After the procedure, you may be instructed to stay in bed for 15 minutes to six hours; then you will be allowed to go home. After embryo transfer, women are generally advised to stay on bed rest or limit activities for 1-2 days. In the days leading up to and following embryo transfer, you will most likely take progesterone supplementation by injection or suppository to maximize you chances of pregnancy.
If any embryos remain after the transfer, they may be frozen—a process called embryo cryopreservation. Frozen embryos may be stored for several years and thawed for use in future transfers. Not all embryos will survive the freezing process, and the live birth late is lower in frozen embryo transfers than in fresh ones.
You will take a blood pregnancy test about two weeks after the transfer to determine if a pregnancy has occurred.
There are several variations of IVF, including:
GIFT and ZIFT procedures are performed to more closely mimic the events that take place in unassisted reproduction, in which the embryo is fertilized in the fallopian tube before it moves to the uterus to implant.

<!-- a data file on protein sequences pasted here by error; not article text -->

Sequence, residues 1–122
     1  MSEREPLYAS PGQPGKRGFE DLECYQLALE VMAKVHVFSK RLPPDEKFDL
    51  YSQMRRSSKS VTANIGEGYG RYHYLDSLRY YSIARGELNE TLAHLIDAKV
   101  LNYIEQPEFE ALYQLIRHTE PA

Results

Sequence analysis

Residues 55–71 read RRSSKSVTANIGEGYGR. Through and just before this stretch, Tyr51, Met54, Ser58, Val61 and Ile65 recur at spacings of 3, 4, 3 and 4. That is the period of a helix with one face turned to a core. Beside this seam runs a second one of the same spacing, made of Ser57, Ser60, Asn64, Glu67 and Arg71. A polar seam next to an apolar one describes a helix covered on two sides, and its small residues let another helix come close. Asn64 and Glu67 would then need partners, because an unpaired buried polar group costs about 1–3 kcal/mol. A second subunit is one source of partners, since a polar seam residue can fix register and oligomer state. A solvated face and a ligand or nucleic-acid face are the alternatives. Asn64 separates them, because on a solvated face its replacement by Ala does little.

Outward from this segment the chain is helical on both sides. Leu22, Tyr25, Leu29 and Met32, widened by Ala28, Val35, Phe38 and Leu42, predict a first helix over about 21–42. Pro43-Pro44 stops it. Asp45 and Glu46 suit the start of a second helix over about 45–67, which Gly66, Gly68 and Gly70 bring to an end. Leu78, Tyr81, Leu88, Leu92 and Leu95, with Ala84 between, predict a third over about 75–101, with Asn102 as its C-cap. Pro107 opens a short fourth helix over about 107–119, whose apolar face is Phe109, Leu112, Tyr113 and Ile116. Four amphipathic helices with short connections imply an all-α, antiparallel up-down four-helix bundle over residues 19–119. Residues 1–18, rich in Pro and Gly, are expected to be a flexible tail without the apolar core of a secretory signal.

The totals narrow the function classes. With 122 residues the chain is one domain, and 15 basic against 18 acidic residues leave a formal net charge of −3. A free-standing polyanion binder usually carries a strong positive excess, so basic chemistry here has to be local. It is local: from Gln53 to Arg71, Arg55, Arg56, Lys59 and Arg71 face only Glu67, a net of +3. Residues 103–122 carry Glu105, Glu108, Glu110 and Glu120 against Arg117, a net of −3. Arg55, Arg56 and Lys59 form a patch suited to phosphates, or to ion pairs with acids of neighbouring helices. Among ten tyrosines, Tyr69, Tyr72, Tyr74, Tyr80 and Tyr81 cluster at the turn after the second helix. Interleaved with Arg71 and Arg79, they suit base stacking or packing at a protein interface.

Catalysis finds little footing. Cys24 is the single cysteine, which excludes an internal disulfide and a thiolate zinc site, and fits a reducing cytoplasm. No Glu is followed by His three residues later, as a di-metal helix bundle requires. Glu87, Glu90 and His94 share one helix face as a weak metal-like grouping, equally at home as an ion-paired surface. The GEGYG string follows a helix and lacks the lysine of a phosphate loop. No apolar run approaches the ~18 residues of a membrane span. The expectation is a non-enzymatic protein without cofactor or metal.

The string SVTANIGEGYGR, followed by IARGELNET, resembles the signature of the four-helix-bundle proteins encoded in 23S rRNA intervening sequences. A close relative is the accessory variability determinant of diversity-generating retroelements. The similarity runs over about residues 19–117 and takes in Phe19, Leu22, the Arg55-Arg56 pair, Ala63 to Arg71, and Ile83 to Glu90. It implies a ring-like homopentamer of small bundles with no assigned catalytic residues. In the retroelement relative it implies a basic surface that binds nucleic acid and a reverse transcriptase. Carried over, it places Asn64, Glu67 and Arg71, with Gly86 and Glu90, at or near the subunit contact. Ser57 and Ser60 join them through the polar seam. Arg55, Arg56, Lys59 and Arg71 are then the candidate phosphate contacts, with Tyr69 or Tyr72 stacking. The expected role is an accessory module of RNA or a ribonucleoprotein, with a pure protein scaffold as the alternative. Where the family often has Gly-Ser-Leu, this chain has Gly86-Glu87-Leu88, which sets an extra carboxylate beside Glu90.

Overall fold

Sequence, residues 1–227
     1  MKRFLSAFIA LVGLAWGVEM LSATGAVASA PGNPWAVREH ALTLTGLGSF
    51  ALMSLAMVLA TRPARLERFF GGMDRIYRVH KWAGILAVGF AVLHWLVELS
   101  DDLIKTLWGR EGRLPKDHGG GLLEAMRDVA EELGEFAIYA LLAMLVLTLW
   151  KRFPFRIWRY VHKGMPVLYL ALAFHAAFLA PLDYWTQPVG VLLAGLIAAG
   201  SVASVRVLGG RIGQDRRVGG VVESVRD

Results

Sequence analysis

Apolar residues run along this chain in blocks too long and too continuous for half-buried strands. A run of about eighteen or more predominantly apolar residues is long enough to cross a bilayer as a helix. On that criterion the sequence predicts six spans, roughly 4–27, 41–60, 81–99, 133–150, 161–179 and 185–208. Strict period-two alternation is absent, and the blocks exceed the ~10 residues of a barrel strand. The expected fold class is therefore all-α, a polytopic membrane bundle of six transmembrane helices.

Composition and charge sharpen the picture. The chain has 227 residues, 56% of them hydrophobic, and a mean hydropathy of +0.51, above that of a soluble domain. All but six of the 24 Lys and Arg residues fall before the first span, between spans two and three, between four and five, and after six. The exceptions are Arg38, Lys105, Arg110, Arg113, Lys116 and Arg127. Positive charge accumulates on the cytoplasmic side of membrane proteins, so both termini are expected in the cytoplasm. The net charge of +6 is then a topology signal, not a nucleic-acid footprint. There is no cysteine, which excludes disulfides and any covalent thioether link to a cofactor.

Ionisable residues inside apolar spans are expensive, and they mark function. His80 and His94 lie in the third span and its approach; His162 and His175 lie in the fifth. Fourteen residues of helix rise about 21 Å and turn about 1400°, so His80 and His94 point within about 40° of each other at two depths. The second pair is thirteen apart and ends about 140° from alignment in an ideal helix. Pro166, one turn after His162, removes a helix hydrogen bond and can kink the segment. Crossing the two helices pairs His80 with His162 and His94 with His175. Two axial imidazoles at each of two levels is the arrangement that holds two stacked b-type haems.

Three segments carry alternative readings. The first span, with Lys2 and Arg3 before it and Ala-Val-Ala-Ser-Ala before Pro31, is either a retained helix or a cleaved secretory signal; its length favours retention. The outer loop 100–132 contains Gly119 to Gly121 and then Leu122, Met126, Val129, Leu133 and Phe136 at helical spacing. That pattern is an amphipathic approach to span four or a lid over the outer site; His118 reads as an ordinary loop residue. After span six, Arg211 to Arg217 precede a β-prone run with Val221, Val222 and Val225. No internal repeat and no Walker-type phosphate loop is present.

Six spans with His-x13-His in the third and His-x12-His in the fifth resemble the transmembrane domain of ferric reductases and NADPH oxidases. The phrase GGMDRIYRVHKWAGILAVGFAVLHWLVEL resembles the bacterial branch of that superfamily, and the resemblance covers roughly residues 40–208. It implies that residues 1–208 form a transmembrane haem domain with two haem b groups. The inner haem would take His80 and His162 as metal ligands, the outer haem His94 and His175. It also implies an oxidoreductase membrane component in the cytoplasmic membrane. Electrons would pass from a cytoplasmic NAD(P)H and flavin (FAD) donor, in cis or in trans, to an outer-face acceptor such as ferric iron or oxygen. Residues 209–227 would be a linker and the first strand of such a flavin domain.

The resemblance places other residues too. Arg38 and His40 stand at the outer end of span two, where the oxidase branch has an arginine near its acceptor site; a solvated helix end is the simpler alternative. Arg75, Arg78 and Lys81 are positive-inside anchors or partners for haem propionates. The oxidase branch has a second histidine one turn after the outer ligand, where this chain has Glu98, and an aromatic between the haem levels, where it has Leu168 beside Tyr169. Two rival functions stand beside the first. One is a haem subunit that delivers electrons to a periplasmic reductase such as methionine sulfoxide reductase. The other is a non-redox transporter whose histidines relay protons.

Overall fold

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http://www.cdc.gov/ART/index.htm. Updated August 1, 2012. Accessed October 23, 2012.
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In vitro fertilization: IVF. American Pregnancy Association website. Available at:
http://www.americanpregnancy.org/infertility/ivf.html. Updated May 2007. Accessed October 23, 2012.
Infertility. EBSCO DynaMed website. Available at:
https://dynamed.ebscohost.com/about/about-us. Updated August 23, 2012. Accessed October 23, 2012.
IVF/ART. National Infertility Association website. Available at:
http://www.resolve.org/family-building-options/ivf-art.html. Accessed October 23, 2012.
Last reviewed December 2013 by Andrea Chisholm, MD